- Cinnabar moth
Cinnabar Moth Scientific classification Kingdom: Animalia Phylum: Arthropoda Class: Insecta Order: Lepidoptera Family: Arctiidae Genus: Tyria Species: T. jacobaeae Binomial name Tyria jacobaeae
- Phalaena jacobaeae
- Noctua jacobaeae
- Tyria confluens
- Callimorpha senecionis
The Cinnabar moth (Tyria jacobaeae) is a brightly coloured arctiid moth, found in Europe and western and central Asia. It has been introduced into New Zealand, Australia and North America to control poisonous ragwort, which its larvae feed on. The moth is named after the red mineral cinnabar because of the red patches on its predominantly black wings. Cinnabar moths are about 20mm long and have a wingspan of 32–42 mm (1.3-1.7 in).
Cinnabar moths are day-flying insects. Like many other brightly coloured moths, it is unpalatable; The larvae use members of the genus Senecio as foodplants. Many members of the genus have been recorded as foodplants but for long term population success the presence of the larger species such as ragwort is needed. Smaller plant species such as groundsel are sometimes used but since the species lays its eggs in large batches survival tends to be reduced. The larvae absorb bitter tasting alkaloid substances from the foodplants, and assimilate them, becoming unpalatable themselves. The bright colours of both the larvae and the moths act as a warning sign so that they are seldom eaten by predators.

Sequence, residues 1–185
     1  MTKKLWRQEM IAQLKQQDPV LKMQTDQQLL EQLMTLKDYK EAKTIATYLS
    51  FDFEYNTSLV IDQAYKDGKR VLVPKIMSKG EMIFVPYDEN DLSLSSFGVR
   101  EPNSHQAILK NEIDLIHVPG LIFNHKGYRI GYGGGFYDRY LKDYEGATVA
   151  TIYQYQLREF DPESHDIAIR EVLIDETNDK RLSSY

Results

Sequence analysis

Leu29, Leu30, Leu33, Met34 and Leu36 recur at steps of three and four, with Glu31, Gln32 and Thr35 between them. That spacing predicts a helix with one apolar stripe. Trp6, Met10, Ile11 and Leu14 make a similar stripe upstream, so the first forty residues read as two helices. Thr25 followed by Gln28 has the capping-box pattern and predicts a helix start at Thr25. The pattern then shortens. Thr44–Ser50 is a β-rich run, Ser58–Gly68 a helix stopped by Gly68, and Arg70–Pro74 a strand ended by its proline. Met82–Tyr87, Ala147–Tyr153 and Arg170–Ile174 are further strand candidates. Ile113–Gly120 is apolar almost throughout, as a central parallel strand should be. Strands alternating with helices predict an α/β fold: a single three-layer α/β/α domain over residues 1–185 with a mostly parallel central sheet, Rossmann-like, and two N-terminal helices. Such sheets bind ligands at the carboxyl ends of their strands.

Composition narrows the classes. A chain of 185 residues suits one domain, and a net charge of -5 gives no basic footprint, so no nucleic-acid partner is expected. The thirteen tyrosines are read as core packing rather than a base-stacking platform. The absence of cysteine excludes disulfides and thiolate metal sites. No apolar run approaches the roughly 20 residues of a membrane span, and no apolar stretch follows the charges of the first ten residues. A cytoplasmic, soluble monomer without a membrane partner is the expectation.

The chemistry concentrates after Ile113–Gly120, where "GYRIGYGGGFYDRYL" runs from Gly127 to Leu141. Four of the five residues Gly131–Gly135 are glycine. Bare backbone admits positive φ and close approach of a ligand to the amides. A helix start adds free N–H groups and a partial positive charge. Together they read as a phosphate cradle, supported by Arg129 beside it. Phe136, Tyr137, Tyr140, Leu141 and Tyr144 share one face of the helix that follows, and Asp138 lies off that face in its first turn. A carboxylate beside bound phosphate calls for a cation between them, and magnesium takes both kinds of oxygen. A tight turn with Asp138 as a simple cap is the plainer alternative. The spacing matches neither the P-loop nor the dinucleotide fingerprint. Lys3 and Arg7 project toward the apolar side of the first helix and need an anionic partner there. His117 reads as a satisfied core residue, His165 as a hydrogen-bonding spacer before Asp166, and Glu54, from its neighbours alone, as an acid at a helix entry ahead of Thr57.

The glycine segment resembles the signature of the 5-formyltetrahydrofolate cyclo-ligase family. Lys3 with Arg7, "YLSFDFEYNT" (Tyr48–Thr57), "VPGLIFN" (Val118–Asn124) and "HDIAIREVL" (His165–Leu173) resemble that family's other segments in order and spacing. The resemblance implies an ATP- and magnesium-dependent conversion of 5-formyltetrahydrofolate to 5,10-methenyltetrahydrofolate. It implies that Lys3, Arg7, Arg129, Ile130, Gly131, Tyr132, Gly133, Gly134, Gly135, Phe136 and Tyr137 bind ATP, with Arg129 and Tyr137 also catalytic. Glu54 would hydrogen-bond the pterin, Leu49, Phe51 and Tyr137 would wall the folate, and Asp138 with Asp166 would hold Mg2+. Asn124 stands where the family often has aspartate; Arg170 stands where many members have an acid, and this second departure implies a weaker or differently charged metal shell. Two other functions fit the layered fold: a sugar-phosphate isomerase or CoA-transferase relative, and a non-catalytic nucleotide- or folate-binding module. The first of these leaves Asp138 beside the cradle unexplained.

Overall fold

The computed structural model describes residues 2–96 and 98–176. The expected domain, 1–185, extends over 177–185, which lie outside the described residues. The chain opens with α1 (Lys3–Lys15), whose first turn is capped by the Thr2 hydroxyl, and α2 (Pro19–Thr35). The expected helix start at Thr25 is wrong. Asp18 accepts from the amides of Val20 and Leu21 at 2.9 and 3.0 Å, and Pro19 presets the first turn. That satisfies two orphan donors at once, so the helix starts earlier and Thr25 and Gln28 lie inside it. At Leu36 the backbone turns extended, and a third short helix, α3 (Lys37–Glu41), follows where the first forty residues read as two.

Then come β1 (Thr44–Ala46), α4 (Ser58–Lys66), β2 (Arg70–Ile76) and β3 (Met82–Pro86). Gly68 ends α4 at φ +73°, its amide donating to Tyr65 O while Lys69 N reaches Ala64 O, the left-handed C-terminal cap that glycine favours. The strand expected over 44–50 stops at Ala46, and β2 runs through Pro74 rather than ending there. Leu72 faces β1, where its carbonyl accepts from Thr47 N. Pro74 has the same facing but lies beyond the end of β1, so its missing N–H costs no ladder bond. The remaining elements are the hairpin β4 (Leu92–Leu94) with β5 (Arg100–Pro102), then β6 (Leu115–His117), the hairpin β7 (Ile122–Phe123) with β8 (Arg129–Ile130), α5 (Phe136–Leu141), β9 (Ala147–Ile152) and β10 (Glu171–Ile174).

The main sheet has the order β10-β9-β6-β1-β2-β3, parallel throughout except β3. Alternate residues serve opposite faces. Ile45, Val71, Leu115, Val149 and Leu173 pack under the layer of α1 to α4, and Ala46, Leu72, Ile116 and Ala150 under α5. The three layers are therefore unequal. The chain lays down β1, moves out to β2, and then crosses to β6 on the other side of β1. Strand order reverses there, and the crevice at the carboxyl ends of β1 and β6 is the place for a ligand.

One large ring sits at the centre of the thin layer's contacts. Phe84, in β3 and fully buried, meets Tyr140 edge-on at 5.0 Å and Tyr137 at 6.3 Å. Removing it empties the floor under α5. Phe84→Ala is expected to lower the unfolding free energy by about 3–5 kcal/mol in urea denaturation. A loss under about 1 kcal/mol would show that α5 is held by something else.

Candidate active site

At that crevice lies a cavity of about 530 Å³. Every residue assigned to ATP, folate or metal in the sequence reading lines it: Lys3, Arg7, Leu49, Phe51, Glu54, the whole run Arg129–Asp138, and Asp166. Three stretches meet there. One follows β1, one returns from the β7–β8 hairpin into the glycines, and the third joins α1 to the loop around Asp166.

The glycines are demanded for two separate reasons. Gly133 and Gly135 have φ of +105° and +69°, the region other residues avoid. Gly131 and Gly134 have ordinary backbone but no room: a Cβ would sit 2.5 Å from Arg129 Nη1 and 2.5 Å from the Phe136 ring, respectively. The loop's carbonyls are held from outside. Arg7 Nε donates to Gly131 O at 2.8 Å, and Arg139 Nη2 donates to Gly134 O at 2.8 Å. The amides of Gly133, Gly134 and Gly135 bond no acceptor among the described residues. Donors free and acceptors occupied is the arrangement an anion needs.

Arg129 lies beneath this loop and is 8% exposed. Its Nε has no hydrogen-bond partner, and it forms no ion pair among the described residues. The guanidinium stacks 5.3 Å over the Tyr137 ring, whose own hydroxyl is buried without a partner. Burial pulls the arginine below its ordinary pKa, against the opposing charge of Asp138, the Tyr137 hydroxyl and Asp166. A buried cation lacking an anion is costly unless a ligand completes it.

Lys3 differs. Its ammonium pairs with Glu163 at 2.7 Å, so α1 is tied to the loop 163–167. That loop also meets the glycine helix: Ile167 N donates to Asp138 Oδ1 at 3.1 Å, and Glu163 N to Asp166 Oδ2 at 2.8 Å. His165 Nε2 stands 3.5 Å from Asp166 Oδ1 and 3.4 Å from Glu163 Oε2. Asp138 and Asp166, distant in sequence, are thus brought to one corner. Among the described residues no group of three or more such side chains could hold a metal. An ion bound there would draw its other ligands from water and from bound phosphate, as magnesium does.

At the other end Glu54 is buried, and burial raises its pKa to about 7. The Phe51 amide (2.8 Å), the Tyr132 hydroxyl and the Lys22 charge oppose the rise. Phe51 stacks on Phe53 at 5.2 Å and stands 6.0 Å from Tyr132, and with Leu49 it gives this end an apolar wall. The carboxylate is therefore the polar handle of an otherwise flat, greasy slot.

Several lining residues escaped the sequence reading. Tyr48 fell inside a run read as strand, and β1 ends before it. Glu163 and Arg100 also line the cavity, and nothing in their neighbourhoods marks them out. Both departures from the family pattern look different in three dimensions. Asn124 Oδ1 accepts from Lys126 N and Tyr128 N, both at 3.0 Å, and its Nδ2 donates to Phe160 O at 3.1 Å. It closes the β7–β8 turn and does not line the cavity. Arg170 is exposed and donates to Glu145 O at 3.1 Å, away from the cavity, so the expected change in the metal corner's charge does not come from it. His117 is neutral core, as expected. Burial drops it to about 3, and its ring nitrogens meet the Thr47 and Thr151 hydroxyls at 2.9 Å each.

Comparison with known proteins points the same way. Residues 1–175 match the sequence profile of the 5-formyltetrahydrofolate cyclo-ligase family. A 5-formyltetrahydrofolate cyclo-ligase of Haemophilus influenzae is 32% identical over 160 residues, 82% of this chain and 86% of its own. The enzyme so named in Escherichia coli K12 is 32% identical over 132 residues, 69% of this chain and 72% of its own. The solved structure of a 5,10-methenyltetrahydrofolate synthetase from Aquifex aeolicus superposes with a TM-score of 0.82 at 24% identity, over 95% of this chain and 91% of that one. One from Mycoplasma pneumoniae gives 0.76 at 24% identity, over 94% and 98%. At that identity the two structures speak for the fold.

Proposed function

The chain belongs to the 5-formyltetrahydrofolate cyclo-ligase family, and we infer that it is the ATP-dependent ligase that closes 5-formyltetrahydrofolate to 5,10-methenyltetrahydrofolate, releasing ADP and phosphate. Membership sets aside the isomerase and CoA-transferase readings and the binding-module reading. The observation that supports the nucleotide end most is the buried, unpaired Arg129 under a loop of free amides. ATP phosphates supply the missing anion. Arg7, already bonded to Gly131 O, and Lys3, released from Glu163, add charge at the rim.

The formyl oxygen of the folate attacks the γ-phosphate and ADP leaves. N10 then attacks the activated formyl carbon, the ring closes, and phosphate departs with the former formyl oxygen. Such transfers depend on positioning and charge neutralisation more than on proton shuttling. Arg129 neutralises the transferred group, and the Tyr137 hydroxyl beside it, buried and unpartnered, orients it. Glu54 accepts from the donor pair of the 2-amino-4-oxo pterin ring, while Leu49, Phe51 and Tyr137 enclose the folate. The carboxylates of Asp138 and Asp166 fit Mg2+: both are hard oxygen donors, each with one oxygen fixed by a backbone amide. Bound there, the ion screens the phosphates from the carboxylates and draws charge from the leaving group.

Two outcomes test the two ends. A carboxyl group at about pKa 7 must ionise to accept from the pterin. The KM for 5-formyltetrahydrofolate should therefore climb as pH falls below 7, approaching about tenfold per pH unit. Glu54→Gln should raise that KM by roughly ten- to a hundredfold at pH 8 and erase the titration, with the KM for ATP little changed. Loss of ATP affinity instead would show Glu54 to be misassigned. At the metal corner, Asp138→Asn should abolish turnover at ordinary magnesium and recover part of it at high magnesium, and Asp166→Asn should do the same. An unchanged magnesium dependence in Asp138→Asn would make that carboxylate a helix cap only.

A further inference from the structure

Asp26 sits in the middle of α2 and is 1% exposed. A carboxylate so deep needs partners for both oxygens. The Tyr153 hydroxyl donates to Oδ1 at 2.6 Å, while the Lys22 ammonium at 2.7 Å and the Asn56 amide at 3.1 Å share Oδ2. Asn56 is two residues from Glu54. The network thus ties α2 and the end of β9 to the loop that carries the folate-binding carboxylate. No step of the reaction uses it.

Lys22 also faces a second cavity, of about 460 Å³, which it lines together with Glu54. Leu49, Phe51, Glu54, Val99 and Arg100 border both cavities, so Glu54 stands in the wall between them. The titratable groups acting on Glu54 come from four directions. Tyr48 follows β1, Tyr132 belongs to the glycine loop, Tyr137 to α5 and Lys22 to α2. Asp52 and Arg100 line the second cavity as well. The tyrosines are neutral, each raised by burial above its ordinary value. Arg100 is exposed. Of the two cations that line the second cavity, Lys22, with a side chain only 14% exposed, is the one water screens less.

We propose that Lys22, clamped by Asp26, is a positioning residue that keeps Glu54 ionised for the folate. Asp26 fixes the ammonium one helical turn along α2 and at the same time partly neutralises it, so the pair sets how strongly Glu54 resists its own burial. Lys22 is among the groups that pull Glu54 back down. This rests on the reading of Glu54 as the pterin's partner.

Like several other Arctiidae moth larvae, the Cinnabar caterpillars can turn cannibalistic. This can be due to lack of food, but they can eat other Cinnabar larvae for no apparent reason. Females lay up to 300 eggs, usually in clusters of 30 to 60. Initially the larvae are pale yellow but later larval stages develop the jet black and orange/yellow striped colouring. They feed ravenously and can grow up to 30mm. Cinnabar caterpillars are voracious eaters and large populations can strip entire patches of ragwort clean, a result of their low predation.
Often very few survive to the pupa stage, mainly due to them completely consuming the food source before reaching maturity; this could be a possible explanation for their tendency to engage in seemingly random cannibalistic behaviour, as many will die from starvation.
The moth has proven to be particularly successful as a biocontrol agent for ragwort when used in conjunction with the ragwort flea beetle in the western United States.
- ^ "Cinnabar moth". A Nature Observer′s Scrapbook. bugsandweeds.co.uk. June 2007. http://www.bugsandweeds.co.uk/moths%20p2.html. Retrieved 2007-12-21.
- ^ "Cinnabar Moth Life Cycle". HortFACT. HortNET. 1998. http://www.hortnet.co.nz/publications/hortfacts/hf401049.htm. Retrieved 2007-12-21.
- ^ Coombs, E. M., et al., Eds. (2004). Biological Control of Invasive Plants in the United States. Corvallis: Oregon State University Press, 344.
- Butterflies and moths of Europe
- Butterflies and moths of Asia
- Animals described in 1758
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